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Anion gap is commonly used as a screening tool to detect the presence of an anion-gap metabolic acidosis. Three studies have compared the performance of anion gap (AG) versus albumin-corrected anion gap (ACAG) for detection of lactic acidosis. These studies had similar designs. They retrospectively obtained laboratory values of patients with and without lactic acidosis. Patients with other etiologies of elevated-AG metabolic acidosis were excluded (i.e., patients with diabetic ketoacidosis or poisoning). Using these two groups of patients, the sensitivity and specificity of AG and ACAG for detection of lactic acidosis were determined.

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Dinh 2006 compared the ability of AG vs. ACAG to detect lactic acidosis (defined as lactate > 2.5 mM) in 639 sets of laboratory values from 356 patients at a tertiary care hospital. The area under the receiver-operator curve was nearly equal for AG and ACAG (0.757 vs. 0.750 respectively; figure below). Although ACAG tended to be about 5 mM higher than AG, both tests had the same performance.

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Chawla 2008a compared AG and ACAG as predictors of elevated lactic acid (defined as >2 mM) among 285 patients admitted to a medical-surgical ICU. The area under the receiver-operator curve was nearly equal for AG and ACAG (0.55 vs. 0.57 respectively). The two tests had nearly identical performance if a cutoff value of ACAG set at 4 mM above the cutoff used for the AG (table below). One limitation of this study was that labs were not necessarily obtained simultaneously.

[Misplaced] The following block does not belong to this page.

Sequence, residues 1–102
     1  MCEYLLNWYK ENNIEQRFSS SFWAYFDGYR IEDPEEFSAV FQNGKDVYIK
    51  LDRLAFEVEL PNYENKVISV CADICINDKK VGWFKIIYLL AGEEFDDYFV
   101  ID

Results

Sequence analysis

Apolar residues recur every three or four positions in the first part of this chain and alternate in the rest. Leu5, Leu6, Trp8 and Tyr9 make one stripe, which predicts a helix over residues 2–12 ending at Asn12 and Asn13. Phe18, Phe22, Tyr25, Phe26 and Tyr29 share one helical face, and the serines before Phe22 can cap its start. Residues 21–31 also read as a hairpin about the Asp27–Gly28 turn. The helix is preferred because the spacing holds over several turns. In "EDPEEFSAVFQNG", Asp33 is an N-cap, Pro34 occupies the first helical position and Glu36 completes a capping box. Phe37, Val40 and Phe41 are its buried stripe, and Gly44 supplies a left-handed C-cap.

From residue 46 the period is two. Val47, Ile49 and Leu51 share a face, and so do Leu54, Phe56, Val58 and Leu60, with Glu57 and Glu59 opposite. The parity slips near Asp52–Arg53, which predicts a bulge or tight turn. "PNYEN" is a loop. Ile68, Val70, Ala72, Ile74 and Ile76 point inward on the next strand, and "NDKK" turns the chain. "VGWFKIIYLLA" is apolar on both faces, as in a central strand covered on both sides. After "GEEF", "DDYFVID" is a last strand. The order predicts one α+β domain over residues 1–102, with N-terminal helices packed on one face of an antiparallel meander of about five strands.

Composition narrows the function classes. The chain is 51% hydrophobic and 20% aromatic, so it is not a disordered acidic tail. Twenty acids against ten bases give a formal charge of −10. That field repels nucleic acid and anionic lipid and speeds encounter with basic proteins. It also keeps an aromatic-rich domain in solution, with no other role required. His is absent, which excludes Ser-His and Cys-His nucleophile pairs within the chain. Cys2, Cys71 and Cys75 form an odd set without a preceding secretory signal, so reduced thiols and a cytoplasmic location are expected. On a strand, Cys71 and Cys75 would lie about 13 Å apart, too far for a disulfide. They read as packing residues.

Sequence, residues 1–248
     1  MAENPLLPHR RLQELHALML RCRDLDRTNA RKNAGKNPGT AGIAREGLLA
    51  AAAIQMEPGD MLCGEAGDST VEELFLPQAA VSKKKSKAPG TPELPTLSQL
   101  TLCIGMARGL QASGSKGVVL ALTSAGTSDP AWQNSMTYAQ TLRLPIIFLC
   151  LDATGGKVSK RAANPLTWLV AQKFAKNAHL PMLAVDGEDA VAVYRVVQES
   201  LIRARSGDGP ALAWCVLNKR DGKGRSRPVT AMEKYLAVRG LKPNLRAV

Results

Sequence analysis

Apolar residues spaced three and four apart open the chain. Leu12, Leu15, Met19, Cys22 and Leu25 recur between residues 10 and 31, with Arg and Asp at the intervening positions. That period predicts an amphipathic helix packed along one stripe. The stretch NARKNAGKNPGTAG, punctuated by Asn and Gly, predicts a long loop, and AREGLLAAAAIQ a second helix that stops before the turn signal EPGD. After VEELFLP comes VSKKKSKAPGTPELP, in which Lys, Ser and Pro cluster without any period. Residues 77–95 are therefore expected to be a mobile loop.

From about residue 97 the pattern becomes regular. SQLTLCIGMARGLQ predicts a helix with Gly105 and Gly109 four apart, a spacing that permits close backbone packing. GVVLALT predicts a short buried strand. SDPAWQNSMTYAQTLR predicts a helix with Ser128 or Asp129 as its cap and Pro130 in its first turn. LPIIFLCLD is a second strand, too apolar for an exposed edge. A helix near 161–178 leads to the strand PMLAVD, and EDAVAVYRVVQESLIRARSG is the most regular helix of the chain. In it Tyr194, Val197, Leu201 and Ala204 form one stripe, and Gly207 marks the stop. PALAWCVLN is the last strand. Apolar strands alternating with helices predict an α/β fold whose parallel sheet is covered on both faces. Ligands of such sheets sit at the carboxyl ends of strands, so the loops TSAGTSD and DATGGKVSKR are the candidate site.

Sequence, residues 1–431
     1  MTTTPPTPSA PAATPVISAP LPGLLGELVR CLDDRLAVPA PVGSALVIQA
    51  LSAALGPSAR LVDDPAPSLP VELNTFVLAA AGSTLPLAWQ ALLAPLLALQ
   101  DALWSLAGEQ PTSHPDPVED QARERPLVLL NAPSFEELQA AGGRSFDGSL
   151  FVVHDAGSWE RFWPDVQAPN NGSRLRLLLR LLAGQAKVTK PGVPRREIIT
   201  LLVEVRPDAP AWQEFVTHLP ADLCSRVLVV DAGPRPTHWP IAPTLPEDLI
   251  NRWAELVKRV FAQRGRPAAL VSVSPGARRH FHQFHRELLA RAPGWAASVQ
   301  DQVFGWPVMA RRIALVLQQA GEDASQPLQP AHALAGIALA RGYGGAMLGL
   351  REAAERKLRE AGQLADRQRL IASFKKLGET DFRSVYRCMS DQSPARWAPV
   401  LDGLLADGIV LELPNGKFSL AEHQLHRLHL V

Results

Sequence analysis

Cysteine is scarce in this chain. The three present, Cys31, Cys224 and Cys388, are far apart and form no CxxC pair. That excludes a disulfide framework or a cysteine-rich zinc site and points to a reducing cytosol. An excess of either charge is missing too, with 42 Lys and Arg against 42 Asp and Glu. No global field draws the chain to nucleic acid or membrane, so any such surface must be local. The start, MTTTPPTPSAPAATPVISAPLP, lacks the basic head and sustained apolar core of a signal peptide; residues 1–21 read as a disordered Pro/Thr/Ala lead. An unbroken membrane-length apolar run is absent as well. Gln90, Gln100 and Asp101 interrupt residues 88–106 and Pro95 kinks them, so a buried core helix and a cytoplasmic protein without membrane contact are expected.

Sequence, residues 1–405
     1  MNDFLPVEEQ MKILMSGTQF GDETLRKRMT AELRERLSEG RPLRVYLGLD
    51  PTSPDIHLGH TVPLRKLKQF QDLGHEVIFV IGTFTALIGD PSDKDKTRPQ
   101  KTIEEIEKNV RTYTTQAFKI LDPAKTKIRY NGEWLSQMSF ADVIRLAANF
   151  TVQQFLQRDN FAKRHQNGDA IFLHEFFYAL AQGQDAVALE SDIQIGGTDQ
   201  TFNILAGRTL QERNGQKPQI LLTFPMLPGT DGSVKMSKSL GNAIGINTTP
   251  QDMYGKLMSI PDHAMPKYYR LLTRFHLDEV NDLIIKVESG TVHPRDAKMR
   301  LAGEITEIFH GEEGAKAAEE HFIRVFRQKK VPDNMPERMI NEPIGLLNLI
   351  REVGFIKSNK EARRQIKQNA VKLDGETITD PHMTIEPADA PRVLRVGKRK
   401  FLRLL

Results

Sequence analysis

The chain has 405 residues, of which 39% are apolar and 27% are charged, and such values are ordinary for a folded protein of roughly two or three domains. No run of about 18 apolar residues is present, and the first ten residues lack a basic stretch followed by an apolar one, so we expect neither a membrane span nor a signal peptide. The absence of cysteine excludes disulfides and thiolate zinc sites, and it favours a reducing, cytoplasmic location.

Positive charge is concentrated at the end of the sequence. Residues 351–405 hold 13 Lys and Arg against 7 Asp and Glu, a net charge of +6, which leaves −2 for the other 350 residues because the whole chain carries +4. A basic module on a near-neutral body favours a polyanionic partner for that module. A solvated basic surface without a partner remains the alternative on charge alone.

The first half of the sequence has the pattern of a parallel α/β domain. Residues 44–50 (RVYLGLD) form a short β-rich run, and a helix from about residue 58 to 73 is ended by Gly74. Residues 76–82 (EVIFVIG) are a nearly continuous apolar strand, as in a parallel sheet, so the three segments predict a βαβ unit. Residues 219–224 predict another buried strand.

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Chawla 2008b is a replication of their earlier study with the requirement that labs were drawn simultaneously. They compared the ability of AG vs. ACAG to detect elevated lactic acid (defined as >2.5 mM) among 497 new sets of laboratory values from 143 ICU patients. The area under the recover-operator curve was nearly identical for AG and ACAG (0.70 vs. 0.72, respectively). The two tests had very similar performance if a cutoff value of ACAG was set about 4 mM above the cutoff used for the AG:

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**Why is there such a weak relationship between anion gap and albumin level?**

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As discussed above, the concept that anion gap should change by 2.5 mEq/L for every mg/dL change in albumin was based on the equation that Figge 1998used to

*calculate*the charge on albumin. This equation, described in Figge 1992, is based on the properties of albumin*en vitro*. However, it does not take into account that*en vivo*, albumin may bind to various cations which decrease its effective negative charge to a variable extent:0

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Furthermore, albumin may undergo a variety of oxidative modification